You can see all these constructs in the macro; I found it started to make sense to me after some playing around with trying to pull selected results from the JSON in a test macro.



What follows is an esoteric discussion on converting times in the most expedient way possible…added here mainly to document why I did what I did :).

Launch times in the JSON data stream are returned in Coordinated Universal Time (UTC) format, in an ISO8601-formatted string that looks like this: 2023-12-11T10:30:00Z. To convert that to local time, the macro has to split it into its individual parts for use in the TIME function. Up until now, this ugly looking regex did that:

The value from the TIME () function is then used with %ICUDateTimeFor% to get the user's local time, and put in a format that lets me split it into two parts for the final table format:

This struck me as probably the biggest slowdown spot in the macro–that's a lot of text processing it has to do for all five of the launches. So my friend and I spent some time today trying alternatives:

  • Using a one-liner bash script to calculate the unixtime value.
  • Using the Substring action to split the text, instead of a regular expression.
  • Using JavaScript for Automation to calculate the unixtime value.

Somewhat surprisingly, all three of these methods were slower than my original solution. Not dramatically, but multiplied five times, they'd amount to a noticeable change in speed. Then I found this post by @peternlewis in the Convert ICUDateTime to Unixtime discussion.

He showed another method of dealing with the calculations, so I tried a variation on that method.

It still uses regex, but not to split out separate variables. Instead, it just reformats the text into the format needed by the TIME() function, then (as shown in the linked thread) sets a variable to the text of the calculation I need to do, then uses the Filter action to actually do that calculation:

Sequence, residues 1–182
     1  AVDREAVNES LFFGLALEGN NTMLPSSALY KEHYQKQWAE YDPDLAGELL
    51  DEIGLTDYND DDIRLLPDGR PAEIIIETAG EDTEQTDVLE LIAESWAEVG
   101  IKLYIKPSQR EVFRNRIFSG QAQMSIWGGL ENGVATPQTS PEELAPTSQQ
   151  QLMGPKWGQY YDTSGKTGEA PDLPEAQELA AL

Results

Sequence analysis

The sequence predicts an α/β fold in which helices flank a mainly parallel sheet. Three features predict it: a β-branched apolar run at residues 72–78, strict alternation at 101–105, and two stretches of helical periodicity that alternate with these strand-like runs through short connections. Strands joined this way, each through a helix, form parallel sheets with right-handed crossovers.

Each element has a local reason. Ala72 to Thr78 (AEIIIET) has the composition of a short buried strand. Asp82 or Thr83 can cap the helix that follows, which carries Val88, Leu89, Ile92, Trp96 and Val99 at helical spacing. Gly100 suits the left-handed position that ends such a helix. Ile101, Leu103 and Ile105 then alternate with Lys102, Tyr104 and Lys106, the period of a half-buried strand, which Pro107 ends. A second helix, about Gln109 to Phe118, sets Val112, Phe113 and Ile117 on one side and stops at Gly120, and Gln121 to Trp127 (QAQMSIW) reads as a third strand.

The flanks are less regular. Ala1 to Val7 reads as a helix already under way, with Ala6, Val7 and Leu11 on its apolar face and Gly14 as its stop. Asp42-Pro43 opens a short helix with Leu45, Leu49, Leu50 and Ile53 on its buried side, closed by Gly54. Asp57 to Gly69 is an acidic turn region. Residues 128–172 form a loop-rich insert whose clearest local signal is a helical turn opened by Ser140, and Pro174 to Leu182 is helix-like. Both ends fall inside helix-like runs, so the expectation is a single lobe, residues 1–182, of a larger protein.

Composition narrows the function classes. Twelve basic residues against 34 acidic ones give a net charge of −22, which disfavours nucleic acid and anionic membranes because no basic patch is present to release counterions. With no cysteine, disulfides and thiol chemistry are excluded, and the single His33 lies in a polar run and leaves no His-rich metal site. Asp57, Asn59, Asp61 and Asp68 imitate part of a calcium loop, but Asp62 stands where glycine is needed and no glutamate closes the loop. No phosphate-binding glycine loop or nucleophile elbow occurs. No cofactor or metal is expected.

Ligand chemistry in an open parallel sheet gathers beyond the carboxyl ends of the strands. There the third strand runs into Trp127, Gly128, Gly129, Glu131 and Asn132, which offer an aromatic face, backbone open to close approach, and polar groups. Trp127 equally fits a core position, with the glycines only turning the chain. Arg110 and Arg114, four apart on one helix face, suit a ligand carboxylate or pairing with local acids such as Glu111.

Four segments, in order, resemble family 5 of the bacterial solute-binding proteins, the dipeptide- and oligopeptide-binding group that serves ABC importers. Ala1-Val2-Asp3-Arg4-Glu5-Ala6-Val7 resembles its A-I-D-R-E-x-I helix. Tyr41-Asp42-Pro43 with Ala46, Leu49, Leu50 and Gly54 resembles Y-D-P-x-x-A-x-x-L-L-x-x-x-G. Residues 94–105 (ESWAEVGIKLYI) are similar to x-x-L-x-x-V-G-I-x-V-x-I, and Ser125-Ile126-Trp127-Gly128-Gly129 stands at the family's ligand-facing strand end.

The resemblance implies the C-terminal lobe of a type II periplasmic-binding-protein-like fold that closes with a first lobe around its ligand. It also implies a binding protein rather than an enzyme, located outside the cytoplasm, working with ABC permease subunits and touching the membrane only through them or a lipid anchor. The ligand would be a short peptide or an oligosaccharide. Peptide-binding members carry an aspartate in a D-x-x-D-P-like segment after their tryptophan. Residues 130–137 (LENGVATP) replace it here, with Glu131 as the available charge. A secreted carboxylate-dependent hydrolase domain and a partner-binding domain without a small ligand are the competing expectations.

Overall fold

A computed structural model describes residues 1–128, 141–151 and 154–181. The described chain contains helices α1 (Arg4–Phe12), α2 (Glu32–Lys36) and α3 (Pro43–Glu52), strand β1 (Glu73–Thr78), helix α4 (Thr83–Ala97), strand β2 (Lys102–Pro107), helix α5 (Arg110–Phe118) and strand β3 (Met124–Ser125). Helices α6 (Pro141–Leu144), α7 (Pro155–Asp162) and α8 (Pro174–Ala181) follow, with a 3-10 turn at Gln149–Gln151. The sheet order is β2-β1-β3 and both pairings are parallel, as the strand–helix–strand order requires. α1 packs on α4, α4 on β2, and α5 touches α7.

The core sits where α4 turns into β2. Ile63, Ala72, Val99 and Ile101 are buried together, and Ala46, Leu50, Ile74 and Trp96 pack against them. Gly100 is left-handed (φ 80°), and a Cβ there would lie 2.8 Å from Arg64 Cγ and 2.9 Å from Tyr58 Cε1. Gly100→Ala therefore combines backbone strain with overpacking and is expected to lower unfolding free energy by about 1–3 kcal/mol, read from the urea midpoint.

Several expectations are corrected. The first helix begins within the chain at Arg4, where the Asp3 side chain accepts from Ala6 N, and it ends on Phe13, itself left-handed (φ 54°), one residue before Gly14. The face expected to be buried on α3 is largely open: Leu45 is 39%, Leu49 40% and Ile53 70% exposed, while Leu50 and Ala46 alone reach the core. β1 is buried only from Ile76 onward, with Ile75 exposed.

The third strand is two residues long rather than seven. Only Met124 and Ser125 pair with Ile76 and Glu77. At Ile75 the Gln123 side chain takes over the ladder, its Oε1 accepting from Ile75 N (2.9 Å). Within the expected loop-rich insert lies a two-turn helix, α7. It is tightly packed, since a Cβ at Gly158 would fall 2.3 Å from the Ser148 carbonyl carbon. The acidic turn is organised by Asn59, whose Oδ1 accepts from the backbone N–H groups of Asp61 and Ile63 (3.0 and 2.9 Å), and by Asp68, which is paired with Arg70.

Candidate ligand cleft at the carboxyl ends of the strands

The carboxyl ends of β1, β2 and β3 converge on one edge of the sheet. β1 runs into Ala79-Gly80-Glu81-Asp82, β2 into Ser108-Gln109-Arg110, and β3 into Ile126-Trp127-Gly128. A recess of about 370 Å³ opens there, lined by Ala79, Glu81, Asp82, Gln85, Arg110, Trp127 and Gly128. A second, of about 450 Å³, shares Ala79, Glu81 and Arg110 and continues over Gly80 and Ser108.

(The same final two steps are used, as shown above, to get it ready for use in the table.) As it turned out, this method saves about 0.05 seconds per loop, or roughly a quarter of a second overall.


It may not sound like much, but when the entire macro runs in just over a second, it's a pretty good improvement:

This version of the macro is now linked in the first article above.


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What about the comment at the top of the green macro which says "CHOOSE A FILE to save your data"? To me, that says something about a file. I even used CAPS to make sure people would see it.

Right, but what I'm saying is that in KM10, you can't do that:


Versus the same action in KM11:



Oh, I'm very sorry. I had no idea that this was a v11 change. I just use whatever options I see.

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Knowing now what it should have looked like, I could have just added a step to write it to a file, but I had no idea what was supposed to happen :).

I wish the KM editor offered some way to see what's new in the latest release, i.e. maybe new actions are in green, or optionally you can disable all new features? Not an issue for most people, but given I share a fair number of my macros, I don't want to make them (especially accidentally) only work with 11 just yet.


A new version today adds an (optional, enabled by default) feature:

When enabled, the macro saves a copy of the HTML each time it runs (to /tmp, where it'll be automatically cleaned out every so often if not used). It then runs a diff to find out if anything has changed, and if so, the above box appears on the launch table (see full screenshot in the first post). When done, it moves the 'new' HTML file to the 'old' HTML file, so it's ready for the next run.

I wanted an easy way to know if anything had changed since I last asked for the schedule, and this gets the job done with only a minimal speed hitβ€”it still runs in about a tenth of a second, give or take.

It's linked in the first post. (Hindsight: I guess I should've included my macro updater routine in this macro, but I didn't think I'd be working on it this much :slight_smile: ).


Updated macro linked in the first post. It turns out that sometimes the launch time returns "null," which messed up the table pretty badly. Now such returns are adjusted for:


Version 1.1 is now live and linked above. It includes two variables to control the width and height of the results window. It also includes my macro update checker, which will make it simpler to update to future versions of the macro.


Version 1.2 is out now, and fixes a date formatting issue that only arose if a launch didn't have a set date yet, and it's estimated date contained single-digit month and day values.